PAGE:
A quick google search will tell you that the definition of sprezzatura is a “studied carelessness, especially as a characteristic quality or style of art or literature.” I will add to that definition “of cuisine,” which isn’t a novel suggestion, considering that the impression of effortlessness as it pertains to a meal is a common aspiration. Growing up in the late ’90s, I used to come home from school and watch Nigella Lawson on the Food Network pull an abundance of divine ingredients from her fridge or farmers’ market haul that she happened to have lying around: full-fat creams, perfectly ripe tomatoes, gooey cheeses, and seasonal berries. What piqued my enthusiasm was not only how much pleasure she took in the cooking process, but also the way she threw a dish together. She glided from one item to the next, piling leafy greens, drizzling oils, and cracking pepper until—voilà!—luxurious but unfussy comfort food appeared, whipped together with finesse and ease. That is still how I aspire to eat, and now drink, today. The Italian wines in this sampler were chosen with sprezzatura in mind. They’re versatile, impeccably made, and beyond characterful, but the best part is you just have to pull a cork to enjoy them!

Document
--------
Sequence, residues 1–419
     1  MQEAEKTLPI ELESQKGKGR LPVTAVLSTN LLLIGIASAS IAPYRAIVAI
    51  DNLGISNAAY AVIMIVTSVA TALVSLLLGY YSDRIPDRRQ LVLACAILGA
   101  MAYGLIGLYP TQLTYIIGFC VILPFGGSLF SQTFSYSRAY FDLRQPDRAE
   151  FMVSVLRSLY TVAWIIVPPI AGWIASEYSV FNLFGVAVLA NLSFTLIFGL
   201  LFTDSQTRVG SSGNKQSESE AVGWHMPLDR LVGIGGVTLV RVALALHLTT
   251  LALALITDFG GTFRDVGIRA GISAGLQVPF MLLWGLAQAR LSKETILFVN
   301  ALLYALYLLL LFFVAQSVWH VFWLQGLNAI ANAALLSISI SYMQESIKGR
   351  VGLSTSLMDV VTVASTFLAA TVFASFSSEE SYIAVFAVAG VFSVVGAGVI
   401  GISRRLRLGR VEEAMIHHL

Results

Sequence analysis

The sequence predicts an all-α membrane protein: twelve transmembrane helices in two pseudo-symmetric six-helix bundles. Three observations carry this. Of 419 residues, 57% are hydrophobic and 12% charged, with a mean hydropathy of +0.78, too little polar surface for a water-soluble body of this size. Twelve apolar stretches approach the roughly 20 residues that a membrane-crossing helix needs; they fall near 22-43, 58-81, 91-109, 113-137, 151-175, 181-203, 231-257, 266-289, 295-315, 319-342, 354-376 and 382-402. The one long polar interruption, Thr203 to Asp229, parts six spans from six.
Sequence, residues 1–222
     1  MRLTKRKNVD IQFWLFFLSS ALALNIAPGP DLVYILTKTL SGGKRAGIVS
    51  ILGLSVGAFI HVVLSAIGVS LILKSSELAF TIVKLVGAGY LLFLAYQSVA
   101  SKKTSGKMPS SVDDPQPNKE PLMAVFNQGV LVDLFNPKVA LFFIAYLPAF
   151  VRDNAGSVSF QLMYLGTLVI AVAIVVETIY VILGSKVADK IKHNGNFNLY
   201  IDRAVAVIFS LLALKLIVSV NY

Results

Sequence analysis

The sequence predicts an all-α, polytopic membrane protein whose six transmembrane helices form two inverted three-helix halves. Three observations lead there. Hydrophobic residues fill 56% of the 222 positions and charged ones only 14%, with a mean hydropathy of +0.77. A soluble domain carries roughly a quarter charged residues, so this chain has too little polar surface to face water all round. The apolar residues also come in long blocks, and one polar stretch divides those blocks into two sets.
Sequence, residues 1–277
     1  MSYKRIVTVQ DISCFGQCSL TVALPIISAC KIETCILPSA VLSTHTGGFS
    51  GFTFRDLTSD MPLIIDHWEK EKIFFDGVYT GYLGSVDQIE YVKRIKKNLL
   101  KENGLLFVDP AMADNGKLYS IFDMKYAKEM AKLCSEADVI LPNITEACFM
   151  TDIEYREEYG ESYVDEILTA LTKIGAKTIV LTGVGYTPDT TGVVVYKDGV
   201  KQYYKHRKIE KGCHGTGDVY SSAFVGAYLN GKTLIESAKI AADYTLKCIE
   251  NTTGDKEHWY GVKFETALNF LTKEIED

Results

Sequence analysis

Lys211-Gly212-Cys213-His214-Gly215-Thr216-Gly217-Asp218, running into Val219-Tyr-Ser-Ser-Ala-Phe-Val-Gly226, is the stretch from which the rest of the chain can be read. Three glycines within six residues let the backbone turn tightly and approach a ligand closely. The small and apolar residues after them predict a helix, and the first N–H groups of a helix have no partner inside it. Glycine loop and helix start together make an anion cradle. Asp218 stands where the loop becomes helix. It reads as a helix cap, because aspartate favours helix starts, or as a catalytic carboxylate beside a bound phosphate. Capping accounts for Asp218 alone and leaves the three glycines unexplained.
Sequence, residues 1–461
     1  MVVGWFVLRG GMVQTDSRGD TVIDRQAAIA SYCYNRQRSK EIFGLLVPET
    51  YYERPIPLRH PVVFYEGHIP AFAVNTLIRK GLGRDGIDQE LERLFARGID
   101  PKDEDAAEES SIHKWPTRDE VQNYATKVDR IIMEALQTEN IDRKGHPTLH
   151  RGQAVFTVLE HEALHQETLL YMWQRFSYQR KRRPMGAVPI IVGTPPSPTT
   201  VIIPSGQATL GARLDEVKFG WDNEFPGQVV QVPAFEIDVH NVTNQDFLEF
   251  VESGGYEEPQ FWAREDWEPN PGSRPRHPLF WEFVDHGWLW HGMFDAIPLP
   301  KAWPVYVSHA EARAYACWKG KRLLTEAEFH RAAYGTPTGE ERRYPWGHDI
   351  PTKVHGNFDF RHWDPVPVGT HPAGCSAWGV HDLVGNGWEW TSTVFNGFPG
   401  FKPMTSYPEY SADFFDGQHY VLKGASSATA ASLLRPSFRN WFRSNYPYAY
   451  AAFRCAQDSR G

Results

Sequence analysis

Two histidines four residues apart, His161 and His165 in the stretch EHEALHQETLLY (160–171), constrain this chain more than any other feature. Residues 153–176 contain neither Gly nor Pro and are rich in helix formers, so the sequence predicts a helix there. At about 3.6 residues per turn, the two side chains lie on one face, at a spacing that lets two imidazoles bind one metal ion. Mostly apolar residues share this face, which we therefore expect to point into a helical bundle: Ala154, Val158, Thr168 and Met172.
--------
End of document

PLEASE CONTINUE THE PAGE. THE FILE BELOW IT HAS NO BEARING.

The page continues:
Drinking distilled spirits, beer, coolers, wine and other alcoholic beverages may increase cancer risk, and, during pregnancy, can cause birth defects. For more information go to www.P65Warnings.ca.gov/alcohol
Many food and beverage cans have linings containing bisphenol A (BPA), a chemical known to cause harm to the female reproductive system. Jar lids and bottle caps may also contain BPA. You can be exposed to BPA when you consume foods or beverages packaged in these containers. For more information, go to www.P65Warnings.ca.gov/bpa